As indicated above, Meikles’ Legal Practitioners wrote to the SEC complaining about the failure of the ZSE to adhere to the dictates of the ZSE Listing Requirements. The SEC‘s response as mentioned above was to indicate that it would institute investigations into the matter. In light of the information that has since surfaced to the effect that the SEC approved the illegal suspension, the response by the SEC to Meikles’ Legal Practitioners is of concern as it gave the impression that the SEC was uninvolved in the illegal process that saw the suspension of the trading of the Meikles’ shares. In addition Mr. T. Chinamo of the SEC indicated, in his letter to Meikles of 26th of February 2015, that the SEC was in the process of engaging the ZSE to establish how it handled Meikles’ suspension amongst other issues. It is difficult to fathom how the SEC proposes to investigate or seek an explanation from the ZSE for a decision that it approved. The unavoidable questions that arise are, was the SEC entirely sincere in its handling of the complaint lodged by Meikles? Should the SEC not have disclosed to Meikles that it had participated in the process that led to the unlawful suspension of the trading of the Meikles shares? Was the SEC not misleading Meikles when it purported to be instituting an investigation on the ZSE’s conduct, when it had full knowledge of the events and circumstances surrounding the suspension of the trading of Meikles’ shares and when it had actually approved the suspension that Meikles were complaining of? These questions unavoidably raise integrity issues on the SEC’s part.
The SEC has taken a full page advertisement in The Herald edition of 26th of February 2015 to publish its letter to Meikles. This was done before Meikles had been accorded the opportunity to respond to the numerous questions that were raised therein. This is of major concern to Meikles. This is so because the letter from the SEC makes sweeping allegations which it seeks to convey as fact to the public even before it has received a response from Meikles on the allegations. The letter, for instance referred to the lack of transparency on Meikles’ part in the investment with Mentor Limited and reference is made to promises and commitments to shareholders not being honoured by Meikles. The very tone of the letter is one that suggests that the SEC have reached the conclusion that indeed Meikles committed offences whose extent the SEC now only seeks to establish. Meikles is of the view that the conveying of the allegations referred to above in the manner that suggests that these allegations are indeed fact, amounts to a violation of Section 111 of the Securities and Exchange Act as the SEC has reached a conclusion and published it, without having had the benefit of submissions from Meikles. The public is left wondering why the SEC has posed these questions when it has reached a conclusion on the matters concerned.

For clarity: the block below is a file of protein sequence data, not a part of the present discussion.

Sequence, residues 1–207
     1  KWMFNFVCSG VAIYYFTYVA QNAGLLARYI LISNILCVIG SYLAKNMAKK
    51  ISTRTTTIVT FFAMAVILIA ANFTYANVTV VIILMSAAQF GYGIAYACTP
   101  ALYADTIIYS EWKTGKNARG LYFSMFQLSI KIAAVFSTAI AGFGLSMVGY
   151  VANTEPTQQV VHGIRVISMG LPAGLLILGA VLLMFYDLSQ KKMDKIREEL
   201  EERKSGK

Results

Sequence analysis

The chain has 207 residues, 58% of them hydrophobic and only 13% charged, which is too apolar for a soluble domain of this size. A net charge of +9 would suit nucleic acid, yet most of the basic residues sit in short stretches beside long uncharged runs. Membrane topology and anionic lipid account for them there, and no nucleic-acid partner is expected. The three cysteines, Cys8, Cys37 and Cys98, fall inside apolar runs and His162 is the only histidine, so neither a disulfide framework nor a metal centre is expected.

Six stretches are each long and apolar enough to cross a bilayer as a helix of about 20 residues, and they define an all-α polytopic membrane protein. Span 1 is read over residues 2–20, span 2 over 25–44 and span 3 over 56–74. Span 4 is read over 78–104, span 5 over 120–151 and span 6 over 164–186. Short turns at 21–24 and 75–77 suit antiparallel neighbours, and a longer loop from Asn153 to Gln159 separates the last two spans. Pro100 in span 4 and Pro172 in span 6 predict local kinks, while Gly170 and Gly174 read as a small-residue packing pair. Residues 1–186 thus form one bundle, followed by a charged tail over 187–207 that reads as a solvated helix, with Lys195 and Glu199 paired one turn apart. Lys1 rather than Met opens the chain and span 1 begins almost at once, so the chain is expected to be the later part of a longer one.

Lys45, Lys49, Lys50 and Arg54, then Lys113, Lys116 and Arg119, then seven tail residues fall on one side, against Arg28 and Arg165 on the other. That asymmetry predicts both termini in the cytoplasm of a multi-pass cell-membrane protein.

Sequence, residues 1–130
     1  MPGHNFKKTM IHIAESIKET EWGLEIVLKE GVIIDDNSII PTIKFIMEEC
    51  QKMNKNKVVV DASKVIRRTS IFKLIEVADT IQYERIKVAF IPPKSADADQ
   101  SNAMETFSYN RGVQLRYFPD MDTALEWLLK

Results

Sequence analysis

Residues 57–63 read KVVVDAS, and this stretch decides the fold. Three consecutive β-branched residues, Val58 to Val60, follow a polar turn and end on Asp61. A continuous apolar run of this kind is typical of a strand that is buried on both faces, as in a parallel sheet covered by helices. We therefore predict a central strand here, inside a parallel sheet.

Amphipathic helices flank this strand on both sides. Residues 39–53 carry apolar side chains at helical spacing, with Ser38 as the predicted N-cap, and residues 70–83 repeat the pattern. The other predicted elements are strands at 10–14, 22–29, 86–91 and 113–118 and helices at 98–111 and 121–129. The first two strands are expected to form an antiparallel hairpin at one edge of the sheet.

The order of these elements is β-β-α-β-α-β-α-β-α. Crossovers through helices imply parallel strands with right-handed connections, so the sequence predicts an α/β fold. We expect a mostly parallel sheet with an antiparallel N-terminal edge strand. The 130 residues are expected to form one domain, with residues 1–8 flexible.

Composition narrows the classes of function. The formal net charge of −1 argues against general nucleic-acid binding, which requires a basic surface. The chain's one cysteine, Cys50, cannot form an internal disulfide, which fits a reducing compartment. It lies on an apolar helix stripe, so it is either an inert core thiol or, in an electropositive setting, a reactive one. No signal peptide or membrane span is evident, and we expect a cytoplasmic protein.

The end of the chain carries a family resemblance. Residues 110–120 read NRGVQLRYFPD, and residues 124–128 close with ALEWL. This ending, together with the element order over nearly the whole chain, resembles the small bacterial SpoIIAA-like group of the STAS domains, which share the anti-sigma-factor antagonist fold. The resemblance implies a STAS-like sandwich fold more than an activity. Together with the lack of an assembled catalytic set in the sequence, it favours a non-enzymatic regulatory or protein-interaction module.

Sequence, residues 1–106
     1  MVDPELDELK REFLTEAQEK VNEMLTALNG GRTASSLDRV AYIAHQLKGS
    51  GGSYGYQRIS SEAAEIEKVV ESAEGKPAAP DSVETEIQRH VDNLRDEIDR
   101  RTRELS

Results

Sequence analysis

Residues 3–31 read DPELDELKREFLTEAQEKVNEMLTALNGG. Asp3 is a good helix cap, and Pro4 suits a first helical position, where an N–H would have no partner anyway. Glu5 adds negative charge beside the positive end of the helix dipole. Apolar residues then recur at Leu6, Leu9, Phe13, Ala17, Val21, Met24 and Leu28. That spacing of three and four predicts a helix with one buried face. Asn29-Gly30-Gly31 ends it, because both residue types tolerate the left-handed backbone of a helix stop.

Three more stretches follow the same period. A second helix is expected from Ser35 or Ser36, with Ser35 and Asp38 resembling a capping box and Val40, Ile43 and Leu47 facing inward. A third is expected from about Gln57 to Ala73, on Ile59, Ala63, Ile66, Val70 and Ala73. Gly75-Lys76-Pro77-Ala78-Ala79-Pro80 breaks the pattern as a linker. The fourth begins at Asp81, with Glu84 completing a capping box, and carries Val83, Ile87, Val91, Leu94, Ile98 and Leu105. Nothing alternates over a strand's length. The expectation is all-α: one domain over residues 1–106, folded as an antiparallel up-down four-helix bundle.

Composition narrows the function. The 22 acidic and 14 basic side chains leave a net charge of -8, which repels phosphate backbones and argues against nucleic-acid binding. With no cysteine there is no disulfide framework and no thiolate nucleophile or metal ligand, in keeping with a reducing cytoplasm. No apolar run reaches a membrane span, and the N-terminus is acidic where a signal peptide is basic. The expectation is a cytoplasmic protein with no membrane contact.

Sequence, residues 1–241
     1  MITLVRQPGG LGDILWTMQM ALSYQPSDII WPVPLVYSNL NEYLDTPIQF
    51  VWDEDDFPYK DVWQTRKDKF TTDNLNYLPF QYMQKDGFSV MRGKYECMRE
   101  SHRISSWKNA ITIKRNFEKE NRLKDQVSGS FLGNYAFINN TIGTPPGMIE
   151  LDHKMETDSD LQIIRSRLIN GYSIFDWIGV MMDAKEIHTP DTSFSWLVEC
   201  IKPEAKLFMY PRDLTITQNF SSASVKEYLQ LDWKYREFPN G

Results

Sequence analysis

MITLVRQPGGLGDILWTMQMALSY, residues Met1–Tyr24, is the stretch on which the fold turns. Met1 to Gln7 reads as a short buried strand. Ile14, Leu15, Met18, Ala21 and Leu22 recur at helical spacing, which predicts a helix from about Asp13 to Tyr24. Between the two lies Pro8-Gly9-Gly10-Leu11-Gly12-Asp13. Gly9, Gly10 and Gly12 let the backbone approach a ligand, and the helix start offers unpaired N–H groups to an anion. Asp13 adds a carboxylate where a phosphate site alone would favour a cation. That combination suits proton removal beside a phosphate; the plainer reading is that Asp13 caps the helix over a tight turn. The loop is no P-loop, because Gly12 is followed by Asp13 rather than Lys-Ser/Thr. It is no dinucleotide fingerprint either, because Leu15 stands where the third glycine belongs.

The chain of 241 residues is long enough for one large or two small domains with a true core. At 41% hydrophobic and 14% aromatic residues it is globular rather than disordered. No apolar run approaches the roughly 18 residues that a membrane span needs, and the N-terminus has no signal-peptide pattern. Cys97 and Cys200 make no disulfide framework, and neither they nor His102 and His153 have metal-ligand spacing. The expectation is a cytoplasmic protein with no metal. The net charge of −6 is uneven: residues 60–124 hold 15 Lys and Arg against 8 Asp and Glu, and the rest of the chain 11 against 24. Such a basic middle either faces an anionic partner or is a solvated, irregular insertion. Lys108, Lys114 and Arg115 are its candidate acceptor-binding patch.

Meikles questions the propriety of trial by public media that the SEC has instituted. Meikles submits that the decision to publish the questions runs the real risk of being interpreted by the public as a publicity stunt by SEC to publicly smear Meikles even before Meikles has presented its side of the story. The public trial that the SEC has set in motion can only have a detrimental effect on the integrity of the process itself.
The issues raised in this statement do not only affect Meikles but all the entities listed on the stock exchange who expect impartiality, integrity and professionalism from the institutions that have the mandate to regulate their activities. In addition, the manner in which the statutory regulators conduct their issues in the business sphere directly affects Zimbabwe’s ability to attract investors. It is therefore imperative that these institutions and regulators retain at all times the highest standards of integrity in the exercises of the decisions that they are empowered to take in order to bolster investor confidence in the country. To that end Meikles will be seeking the Government’s intervention as it is of the view that the illegal suspension of the trading of Meikles’ shares by the ZSE with the approval of the SEC and the manner in which the SEC has dealt with Meikles’ issues, as referred to above, have a detrimental effect on Zimbabwe’s ability to attract the much needed investment into the country.
Meikles has noted all the questions that have been publicly raised by the SEC and would like to assure the public that these will all be addressed fully and that Meikles will be able to demonstrate that the allegations made by the SEC are without basis. Meikles has referred this matter to its Legal Practitioners who will communicate with the SEC in response to all the issues raised. The public is assured that Meikles declines the invitation to respond to the questions raised by the SEC through the newspapers.